Happy Thanksgiving to you and yours from the Core Team. As this holiday is called Turkey Day in a most ironic jab towards the object of American appetites, my initial instinct is to offer up a favored vegetable recipe or some fascinating facts about the Wild Turkey. However, it comes to mind that Meleagris gallopavo is not the only species of turkey that I’ve encountered.
Back in July of 2003, just a few months into our career as birders, Sara and I took an incredible trip to Belize. Our immersion into this avian-rich environment might have been the step that sealed our fates as committed bird watchers. Really, I can’t recommend the journey, or the Maya Mountain Lodge, highly enough. Every day, we embarked on a new adventure; one day we’d explore the ruins of Xunantunich, the next would find us kayaking into the Stygian depths of a pristine cave. One of our favorite excursions was a day trip to the renowned temple complex of Tikal in Guatemala. By the time we took this trip, we’d already been dazzled by a cavalcade of dazzling new birds. Our peerless guide, Luis, one of the most impressive naturalists and amateur archaeologists I’ve ever met, introduced us to exotic new species at every turn. It got to the point that we were somewhat oversaturated. That’s why when I spotted a turkey with prismatic plumage at the front gate to Tikal, I took little notice. In fact, I didn’t even mention the sighting until later, assuming the bird was just a Wild Turkey. However, as we were leaving, after a day filled with monkeys, coatimundi, toucans, oropendola, toucans, and guan, I did think to mention that I noticed a particularly colorful turkey at the entrance.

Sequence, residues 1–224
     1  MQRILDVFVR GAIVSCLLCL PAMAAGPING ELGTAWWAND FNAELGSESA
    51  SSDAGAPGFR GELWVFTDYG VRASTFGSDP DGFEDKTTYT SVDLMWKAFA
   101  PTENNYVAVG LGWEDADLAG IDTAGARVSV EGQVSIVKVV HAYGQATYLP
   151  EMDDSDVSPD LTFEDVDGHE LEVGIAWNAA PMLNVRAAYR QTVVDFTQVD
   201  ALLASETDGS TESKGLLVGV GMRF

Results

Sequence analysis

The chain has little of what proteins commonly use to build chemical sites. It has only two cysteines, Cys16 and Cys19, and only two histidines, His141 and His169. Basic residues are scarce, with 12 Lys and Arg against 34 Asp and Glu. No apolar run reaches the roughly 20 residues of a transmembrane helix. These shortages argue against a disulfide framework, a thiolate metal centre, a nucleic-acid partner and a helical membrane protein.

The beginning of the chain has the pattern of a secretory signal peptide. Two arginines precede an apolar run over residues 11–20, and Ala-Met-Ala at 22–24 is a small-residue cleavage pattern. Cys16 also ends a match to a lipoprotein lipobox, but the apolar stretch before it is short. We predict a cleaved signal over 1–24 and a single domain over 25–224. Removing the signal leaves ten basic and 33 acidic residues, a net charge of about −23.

“Oh yeah,” Luis exclaimed, “That was an Ocellated Turkey.”
“An Ocellated Turkey?”
“That’s right, Pepe (he called everyone Pepe.)”
Imagine my chagrin at realizing that I passed a life bird without alerting my wife and partner-in-crime. Now, imagine my relief when we found the beauteous bird working the grass for seed right where I originally spotted it. At that moment, the Core Team closed out turkeys on our list, accounting for both of the world’s species!
The Ocellated Turkey (Meleagris ocellata) really is a splendid bird, looking like a wondrous hybrid of turkey and peacock. Its feathers share the iridescent sheen of oil on water. Its head is a bright azure crusted with ruby caruncles. Its large rounded tail, considered by some as its most striking feature, is also blue, with green and purple eyespots, from which it’s name is derived (ocelli is Latin for ‘little eye’) and rich bronze or golden tips. These birds sport snoods, but no beards. The ocellated turkey, called Cutz by the Maya, is quite a treat for the eyes. Rumor has it that it’s not so tough on the taste buds either, but that’s of no concern to me.
Ocellated turkeys are noticeably smaller than any of the five subspecies of North American Wild Turkeys, with toms maxing out at 11-12 pounds during breeding season. These omnivorous birds are junglefowl, but avoid the deep jungle by sticking to open spaces and second-growth scrub. The ocellated turkey is restricted to a 50,000 square mile area encompassing Belize, Guatemala, and Mexico’s Yucatan Peninsula, along with limited areas of the states of Tabasco and Chiapas. Last but certainly not least, the species has never been domesticated. Now that’s a wild turkey!